Extracurricular participation is beneficial for overall development of students.


Public school students across the United States (US) participate in a wide variety of extracurricular activities like interscholastic and intramural athletic programs; service and school government clubs; music, art and drama organizations and academic and vocational clubs. Generally, conducted outside the normal school day, activities are voluntary and students do not receive grades for their participation.

Benefits for Students:

Do these clubs, teams and organizations support the academic mission in schools? In a paper looking at predictors of academic found that students emerge to spend their time-out of school participating in constructive activities. The research disclosed that 50 % of students were connected to involve in extra-curricular activities.

Involvement in extracurricular activities is beneficial for students. Busy in school extracurricular activities is linked to decreasing rates of early school dropouts in both boys as well as girls. It is discovered that such type of participation provides marginal students an opportunity to create a positive also voluntary connection to their school. Equally, other strategies typically used to address the requirements of students, like school dropout anticipation programs and remedial education focus on the deficits of students and serve as a catalyst in the formation of deviant groups. The researchers believe that involvement in extracurricular activities may support the student by enhancing, maintaining and strengthening the student-school connection.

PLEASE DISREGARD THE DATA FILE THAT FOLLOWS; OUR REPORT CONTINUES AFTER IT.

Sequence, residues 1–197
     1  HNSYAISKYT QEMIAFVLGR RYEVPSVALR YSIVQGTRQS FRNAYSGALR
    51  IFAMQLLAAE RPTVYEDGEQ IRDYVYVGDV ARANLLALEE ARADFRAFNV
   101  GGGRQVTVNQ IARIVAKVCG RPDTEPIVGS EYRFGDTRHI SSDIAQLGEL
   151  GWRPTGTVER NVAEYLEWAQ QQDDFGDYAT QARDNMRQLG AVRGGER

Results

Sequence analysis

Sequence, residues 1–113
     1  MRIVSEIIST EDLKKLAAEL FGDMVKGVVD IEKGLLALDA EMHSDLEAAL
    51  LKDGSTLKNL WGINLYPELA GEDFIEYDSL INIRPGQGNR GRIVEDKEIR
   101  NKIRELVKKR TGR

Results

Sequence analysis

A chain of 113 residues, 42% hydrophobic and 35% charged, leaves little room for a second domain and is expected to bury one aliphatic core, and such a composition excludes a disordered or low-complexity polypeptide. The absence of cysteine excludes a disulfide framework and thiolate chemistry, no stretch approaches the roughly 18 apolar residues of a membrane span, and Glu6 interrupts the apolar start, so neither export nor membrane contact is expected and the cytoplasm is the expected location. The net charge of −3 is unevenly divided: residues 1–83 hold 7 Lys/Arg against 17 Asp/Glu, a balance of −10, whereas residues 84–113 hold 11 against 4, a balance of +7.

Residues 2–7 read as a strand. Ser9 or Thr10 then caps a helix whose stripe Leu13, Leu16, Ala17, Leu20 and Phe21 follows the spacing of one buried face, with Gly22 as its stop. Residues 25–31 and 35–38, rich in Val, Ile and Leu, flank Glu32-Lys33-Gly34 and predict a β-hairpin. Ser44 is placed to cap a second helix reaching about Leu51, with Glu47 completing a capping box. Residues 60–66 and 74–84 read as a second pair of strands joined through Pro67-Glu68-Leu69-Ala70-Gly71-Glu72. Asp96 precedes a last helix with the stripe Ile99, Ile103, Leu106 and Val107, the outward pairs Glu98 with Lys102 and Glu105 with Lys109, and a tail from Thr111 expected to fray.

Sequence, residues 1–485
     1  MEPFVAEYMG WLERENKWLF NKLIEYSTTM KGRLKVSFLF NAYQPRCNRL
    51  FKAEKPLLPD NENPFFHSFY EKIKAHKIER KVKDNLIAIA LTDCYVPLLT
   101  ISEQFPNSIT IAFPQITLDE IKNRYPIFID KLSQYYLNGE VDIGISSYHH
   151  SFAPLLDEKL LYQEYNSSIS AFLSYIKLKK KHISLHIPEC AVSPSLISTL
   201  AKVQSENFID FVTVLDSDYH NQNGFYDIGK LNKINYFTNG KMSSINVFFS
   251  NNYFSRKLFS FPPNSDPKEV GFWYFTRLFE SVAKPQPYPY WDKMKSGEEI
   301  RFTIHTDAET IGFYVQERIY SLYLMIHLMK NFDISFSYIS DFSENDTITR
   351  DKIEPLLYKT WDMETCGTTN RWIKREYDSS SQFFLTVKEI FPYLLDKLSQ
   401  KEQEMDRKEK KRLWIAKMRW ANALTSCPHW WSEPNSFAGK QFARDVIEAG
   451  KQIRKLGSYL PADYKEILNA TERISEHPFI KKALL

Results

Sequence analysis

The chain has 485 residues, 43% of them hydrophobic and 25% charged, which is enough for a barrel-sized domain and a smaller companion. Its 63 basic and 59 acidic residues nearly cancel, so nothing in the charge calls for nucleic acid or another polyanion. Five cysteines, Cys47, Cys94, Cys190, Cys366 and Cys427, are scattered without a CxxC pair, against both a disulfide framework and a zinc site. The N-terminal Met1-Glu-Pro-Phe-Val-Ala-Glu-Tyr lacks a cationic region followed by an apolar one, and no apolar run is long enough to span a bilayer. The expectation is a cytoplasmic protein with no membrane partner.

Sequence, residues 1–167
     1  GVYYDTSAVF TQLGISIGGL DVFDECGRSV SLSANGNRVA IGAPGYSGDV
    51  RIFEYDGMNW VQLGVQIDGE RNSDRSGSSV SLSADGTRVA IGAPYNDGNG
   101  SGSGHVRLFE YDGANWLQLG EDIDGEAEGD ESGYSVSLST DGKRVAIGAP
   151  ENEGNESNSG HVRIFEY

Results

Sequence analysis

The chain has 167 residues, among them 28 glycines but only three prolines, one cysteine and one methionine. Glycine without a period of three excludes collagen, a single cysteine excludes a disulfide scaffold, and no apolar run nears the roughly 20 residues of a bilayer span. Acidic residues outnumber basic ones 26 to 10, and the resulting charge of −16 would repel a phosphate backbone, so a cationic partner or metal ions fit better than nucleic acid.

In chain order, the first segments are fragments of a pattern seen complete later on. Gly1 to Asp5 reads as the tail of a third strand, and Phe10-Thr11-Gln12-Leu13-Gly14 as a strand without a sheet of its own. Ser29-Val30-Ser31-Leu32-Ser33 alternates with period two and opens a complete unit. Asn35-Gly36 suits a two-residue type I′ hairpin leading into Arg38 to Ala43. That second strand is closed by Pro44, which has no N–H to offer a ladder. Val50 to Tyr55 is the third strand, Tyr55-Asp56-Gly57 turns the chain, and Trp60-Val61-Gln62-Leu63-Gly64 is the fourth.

Raising Academic and Social Skills:

Various kinds of activities have varying abilities to control school dropout rates. It is concluded that students who participate in fine-arts activities, athletics and academic organizations were an estimated less compared to drop out than those who didn't participate. Athletic participation decreases the probability of school dropouts by approximately 40 percent.

The academic improvement of students who participated in extracurricular activities looked at male moreover female in high school students that participated in interscholastic soccer and who did not engage in another sport or major activity at the conclusion of the soccer season. They discovered that female participants maintained a GPA. The girls earned higher GPAs than did the boys but the boy's GPAs rose significantly. The study supports the belief that involvement in athletics for high school students doesn't endanger and may enhance academic performance.

Extracurricular participation is not detrimental to student performance whereas participation in these types of activities promotes greater academic achievement. Additionally, it is discovered that participation in school connected activities was more strongly associated with achievement than was participation in activities outside the school.

Participating for Success:


All the cited research suggests that extracurricular activities offer all students an academic safety net. Eliminating the opportunity for such type of participation eliminates the last link to fostering a sense of belonging to school which some of the students have.